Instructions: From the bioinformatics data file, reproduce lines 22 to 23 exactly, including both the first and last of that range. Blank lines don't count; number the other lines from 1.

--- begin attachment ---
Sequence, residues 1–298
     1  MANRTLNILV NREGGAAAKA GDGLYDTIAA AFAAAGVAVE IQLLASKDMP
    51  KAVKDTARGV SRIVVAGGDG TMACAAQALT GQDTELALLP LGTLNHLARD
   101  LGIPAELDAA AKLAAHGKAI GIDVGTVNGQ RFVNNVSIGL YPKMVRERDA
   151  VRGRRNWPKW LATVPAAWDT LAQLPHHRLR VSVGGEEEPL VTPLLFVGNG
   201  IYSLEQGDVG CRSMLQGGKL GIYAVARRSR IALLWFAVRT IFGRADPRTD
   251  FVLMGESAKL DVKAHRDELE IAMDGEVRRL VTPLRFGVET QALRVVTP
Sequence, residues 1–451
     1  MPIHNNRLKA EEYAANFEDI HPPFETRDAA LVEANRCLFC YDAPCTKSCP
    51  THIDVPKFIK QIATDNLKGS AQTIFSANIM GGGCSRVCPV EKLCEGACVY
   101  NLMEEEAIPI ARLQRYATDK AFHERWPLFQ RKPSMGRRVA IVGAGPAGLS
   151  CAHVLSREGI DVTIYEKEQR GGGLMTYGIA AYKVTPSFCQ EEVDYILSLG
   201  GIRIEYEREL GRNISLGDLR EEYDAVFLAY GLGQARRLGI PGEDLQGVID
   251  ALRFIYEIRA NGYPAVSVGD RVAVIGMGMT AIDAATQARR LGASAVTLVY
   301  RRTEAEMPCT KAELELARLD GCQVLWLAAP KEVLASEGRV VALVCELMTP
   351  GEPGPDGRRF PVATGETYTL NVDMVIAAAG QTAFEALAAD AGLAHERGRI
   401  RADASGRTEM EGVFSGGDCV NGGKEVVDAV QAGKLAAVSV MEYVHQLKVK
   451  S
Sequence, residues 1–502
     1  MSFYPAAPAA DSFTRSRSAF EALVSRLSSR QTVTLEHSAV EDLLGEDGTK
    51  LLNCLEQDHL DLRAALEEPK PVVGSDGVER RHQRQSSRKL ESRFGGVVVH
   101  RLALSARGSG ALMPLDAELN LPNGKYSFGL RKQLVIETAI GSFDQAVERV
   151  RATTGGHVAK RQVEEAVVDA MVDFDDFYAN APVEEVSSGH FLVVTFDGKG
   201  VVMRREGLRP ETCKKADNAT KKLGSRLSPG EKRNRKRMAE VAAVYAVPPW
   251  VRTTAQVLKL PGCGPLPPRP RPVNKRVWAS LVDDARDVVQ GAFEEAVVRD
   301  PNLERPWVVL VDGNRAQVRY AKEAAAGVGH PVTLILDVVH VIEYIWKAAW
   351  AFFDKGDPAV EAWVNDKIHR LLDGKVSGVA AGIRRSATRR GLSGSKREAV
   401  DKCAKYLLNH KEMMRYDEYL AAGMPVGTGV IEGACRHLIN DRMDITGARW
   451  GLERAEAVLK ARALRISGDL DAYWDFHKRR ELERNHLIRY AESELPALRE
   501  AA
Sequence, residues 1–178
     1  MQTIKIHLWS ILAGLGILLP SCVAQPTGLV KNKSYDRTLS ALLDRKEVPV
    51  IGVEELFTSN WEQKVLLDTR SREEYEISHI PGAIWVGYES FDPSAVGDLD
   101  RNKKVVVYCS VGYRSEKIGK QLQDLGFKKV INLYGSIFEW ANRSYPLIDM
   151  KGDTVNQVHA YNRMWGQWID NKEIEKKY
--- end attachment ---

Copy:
   101  RLALSARGSG ALMPLDAELN LPNGKYSFGL RKQLVIETAI GSFDQAVERV
   151  RATTGGHVAK RQVEEAVVDA MVDFDDFYAN APVEEVSSGH FLVVTFDGKG